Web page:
“There are a host of issues of interest here. In the first place, this incident is yet another reminder of the danger of the papacy. This is not a popular point to make – even among some confused evangelicals – but it is a necessary point. Pope Benedict XVI is a man of incredible brilliance. His indictments of secularism and liberal theology are among the most masterful theological documents of recent decades. Nevertheless, the office he holds is an unbiblical institution based in a monarchial ministry that is incompatible with the New Testament’s vision of the church. Furthermore, he claims also to be a head of state – a situation that adds untold layers of additional confusion.”

here is the link albertmohler.com/blog_read.php?id=774

How do Catholics respond?


#18

[quote=Pillar of Fire; Pillar of Truth]Jesus gave Peter special authority among the apostles (John 21:15–17) and signified this by changing his name from Simon to Peter, which means “rock” (John 1:42). He said Peter was to be the rock on which he would build his Church (Matt. 16:18).

In Aramaic, the language Jesus spoke, Simon’s new name was Kepha (which means a massive rock). Later this name was translated into Greek as Petros (John 1:42) and into English as Peter. Christ gave Peter alone the “keys of the kingdom” (Matt. 16:19) and promised that Peter’s decisions would be binding in heaven. He also gave similar power to the other apostles (Matt. 18:18), but only Peter was given the keys, symbols of his authority to rule the Church on earth in Jesus’ absence.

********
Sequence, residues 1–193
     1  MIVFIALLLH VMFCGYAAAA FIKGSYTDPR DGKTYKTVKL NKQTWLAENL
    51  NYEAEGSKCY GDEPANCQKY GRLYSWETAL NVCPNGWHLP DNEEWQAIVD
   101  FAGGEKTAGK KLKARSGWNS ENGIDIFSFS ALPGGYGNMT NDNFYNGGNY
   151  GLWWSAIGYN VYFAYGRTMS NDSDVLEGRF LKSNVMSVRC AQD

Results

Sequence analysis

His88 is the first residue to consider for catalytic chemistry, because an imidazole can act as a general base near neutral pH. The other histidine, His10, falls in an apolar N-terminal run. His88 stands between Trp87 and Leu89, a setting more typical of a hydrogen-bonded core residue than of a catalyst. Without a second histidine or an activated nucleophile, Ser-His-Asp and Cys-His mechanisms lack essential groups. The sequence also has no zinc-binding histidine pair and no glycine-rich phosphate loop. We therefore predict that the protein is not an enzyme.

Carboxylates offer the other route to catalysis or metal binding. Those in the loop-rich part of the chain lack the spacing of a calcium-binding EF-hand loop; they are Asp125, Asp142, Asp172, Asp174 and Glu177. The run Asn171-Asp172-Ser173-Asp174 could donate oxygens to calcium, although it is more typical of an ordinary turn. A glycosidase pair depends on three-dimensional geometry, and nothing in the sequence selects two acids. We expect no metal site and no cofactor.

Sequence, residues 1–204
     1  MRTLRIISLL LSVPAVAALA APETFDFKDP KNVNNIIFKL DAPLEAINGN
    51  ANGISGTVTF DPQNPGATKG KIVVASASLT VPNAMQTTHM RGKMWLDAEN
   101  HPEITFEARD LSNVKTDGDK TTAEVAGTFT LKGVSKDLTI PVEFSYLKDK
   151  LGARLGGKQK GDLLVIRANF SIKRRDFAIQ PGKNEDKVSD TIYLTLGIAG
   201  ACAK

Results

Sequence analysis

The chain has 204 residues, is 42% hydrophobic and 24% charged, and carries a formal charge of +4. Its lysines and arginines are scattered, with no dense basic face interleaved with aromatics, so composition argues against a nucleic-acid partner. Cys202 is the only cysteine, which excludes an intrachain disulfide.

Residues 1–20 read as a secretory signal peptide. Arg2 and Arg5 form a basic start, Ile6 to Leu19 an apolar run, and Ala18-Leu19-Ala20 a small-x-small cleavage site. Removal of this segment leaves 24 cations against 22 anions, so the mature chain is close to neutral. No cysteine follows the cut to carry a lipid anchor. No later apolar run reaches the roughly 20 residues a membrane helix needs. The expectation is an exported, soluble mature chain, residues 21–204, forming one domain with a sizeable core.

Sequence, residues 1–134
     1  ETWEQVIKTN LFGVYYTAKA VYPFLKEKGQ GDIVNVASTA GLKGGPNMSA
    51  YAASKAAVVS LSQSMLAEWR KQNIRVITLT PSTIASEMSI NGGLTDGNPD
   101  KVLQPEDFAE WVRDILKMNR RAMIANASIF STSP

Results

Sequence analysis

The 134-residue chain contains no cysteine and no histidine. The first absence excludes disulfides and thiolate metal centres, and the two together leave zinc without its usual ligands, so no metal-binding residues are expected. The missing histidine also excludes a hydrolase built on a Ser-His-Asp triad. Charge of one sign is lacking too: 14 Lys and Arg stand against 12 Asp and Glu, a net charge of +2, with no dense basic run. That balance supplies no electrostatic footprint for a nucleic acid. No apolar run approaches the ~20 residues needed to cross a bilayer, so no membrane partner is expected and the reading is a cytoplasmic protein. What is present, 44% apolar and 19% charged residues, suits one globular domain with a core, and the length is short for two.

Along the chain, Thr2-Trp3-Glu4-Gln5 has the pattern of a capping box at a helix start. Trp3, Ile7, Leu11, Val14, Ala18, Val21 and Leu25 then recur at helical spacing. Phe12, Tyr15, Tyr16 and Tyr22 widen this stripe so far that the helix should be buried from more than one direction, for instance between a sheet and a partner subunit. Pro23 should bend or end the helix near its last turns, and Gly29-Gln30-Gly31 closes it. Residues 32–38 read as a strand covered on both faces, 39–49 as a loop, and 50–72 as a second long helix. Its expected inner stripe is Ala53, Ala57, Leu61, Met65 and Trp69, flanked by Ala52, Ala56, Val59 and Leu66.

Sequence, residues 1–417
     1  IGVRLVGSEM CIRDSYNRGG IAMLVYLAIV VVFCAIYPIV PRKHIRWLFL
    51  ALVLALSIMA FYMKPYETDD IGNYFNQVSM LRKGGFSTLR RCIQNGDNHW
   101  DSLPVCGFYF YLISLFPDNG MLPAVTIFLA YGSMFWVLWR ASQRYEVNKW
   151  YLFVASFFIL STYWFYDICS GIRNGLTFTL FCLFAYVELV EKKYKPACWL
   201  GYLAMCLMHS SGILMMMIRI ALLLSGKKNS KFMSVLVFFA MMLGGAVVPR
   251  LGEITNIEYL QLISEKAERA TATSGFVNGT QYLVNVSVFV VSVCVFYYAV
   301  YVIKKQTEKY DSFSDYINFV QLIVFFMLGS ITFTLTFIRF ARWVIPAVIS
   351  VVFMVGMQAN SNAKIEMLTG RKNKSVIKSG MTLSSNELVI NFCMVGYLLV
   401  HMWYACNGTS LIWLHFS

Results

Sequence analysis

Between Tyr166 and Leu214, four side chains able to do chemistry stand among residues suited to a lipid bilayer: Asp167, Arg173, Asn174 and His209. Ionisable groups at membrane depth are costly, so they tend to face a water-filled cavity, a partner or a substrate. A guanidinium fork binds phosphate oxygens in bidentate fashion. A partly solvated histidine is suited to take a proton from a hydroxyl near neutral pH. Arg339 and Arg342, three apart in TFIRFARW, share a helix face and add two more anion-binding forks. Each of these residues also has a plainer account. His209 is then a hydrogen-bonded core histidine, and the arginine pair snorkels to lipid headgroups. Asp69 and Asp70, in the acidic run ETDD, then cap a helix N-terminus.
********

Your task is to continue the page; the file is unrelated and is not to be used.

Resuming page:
Christ, the Good Shepherd, called Peter to be the chief shepherd of his Church (John 21:15–17). He gave Peter the task of strengthening the other apostles in their faith, ensuring that they taught only what was true (Luke 22:31–32). Peter led the Church in proclaiming the gospel and making decisions (Acts 2:1– 41, 15:7–12).

Early Christian writings tell us that Peter’s successors, the bishops of Rome (who from the earliest times have been called by the affectionate title of “pope,” which means “papa”), continued to exercise Peter’s ministry in the Church.

The pope is the successor to Peter as bishop of Rome. The world’s other bishops are successors to the apostles in general.
[/quote]

I think you woud benefit from the book: CA sell it, catholic.com/library/pillar.asp


#19

I just wanted to add that I think it only costs a dollar.


#20

Yep $1.00 for one book.

It can also be bought in “bulk” and when you start buying “bulk” you get discounts on the price.

100 copies is $79.95 for example.